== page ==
February 18, 2016

Gregory M. Meihn, a partner in the Detroit office of Foley & Mansfield, scored a double on two recent cases argued before the Michigan Court of Appeals.

Michigan Authentic Credentials in Education Act 

The first case, City of Fraser v Almeda University, Case No. 323449, involved the application of the Michigan Authentic Credentials in Education Act (“MACEA”), which prohibits a “person or entity from knowingly issuing or manufacturing a false academic credential in the State of Michigan.” For each violation of MACEA, the company or municipality harmed is entitled to the greater of $100,000 or actual damages. In order to issue degrees of higher education in Michigan, a university must be accredited and licensed to do business in Michigan.

Almeda University was and is neither accredited nor licensed to do business in Michigan. Almeda University is a diploma mill located in the Caribbean Island of Nevis that provides degrees at the bachelor, master, and PHD levels to applicants for a fee based upon their “life experiences.” At issue in this case were six police officers that acquired master degrees from Almeda University and used the degrees to increase their annual pay by $3,800.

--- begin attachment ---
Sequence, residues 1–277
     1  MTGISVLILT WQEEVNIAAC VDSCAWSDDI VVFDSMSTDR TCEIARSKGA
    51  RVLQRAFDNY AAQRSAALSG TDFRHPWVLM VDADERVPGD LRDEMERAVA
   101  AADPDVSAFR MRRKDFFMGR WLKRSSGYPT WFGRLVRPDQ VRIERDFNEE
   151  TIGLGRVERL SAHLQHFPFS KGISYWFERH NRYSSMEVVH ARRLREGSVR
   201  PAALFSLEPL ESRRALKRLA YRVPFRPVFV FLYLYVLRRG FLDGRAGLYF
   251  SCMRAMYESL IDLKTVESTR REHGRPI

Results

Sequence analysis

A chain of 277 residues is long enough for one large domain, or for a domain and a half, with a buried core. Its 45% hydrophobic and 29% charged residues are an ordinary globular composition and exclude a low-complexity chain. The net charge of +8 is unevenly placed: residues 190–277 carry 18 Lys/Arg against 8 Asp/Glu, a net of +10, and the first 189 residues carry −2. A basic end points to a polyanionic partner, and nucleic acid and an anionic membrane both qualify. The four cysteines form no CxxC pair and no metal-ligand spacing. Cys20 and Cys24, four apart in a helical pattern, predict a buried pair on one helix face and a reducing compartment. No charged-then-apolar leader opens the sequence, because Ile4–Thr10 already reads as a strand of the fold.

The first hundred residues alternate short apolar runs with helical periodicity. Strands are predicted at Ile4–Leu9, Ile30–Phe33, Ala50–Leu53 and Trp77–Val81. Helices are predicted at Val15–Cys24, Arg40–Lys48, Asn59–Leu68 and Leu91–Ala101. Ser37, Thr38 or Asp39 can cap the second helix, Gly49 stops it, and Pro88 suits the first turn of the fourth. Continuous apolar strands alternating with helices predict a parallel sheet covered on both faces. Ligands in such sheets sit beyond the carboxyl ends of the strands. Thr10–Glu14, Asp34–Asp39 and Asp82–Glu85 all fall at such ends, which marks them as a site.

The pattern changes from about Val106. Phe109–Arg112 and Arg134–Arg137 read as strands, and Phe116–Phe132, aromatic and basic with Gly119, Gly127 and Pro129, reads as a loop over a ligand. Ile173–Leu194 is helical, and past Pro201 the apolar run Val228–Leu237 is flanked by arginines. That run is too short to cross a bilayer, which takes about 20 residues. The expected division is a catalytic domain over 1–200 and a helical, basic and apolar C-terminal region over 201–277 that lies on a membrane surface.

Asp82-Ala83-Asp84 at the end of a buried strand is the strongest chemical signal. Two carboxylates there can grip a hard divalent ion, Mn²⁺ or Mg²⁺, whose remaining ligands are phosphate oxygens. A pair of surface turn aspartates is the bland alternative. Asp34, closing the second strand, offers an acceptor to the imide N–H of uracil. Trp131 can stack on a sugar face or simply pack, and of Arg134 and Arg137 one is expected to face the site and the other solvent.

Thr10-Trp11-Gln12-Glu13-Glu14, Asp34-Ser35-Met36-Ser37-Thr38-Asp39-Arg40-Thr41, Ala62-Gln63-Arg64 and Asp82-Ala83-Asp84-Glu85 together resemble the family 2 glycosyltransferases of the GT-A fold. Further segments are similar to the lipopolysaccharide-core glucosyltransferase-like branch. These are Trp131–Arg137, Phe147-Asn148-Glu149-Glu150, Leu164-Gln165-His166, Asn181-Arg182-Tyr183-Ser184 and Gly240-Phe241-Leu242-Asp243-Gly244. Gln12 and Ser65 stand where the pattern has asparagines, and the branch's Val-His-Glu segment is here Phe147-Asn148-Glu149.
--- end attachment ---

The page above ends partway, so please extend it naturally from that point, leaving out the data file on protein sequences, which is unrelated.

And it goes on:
Affirming the Macomb County Circuit Court’s granting summary disposition in favor of the City of Fraser and awarding damages in the amount of $100,000 plus actual costs and fees, the Court of Appeals found that Almeda University, by soliciting students on the internet subjected itself to personal jurisdiction in Michigan and found that Almeda University violated the MACEA. This was a case of first impression in Michigan as MACEA has not been used previously by a company or municipality to sue a university for improperly providing diplomas in Michigan.

The City of Fraser could have also filed suit against the officer’s for use of a fraudulent credential, but decided for political reasons to pursue Almeda University only.

Michigan Fireworks Safety Act 

The second case involves Foley & Mansfield client Delta Township regarding the Michigan Fireworks Safety Act (“MFSA”), Case No. 324444. In this case, Plaintiff Non-Stop Fireworks challenged the constitutionality of Delta Township’s local ordinance that restricted the hours of operation for transient vendors including transient vendors who sold merchandise out of tents. Plaintiff alleged that the local ordinance was preempted by the MFSA which prohibits local municipalities from enacting or enforcing an ordinance, code, or regulation pertaining to or in any matter regulating the sale of fireworks.

Greg Meihn, Partner on Foley & Mansfield's employment team.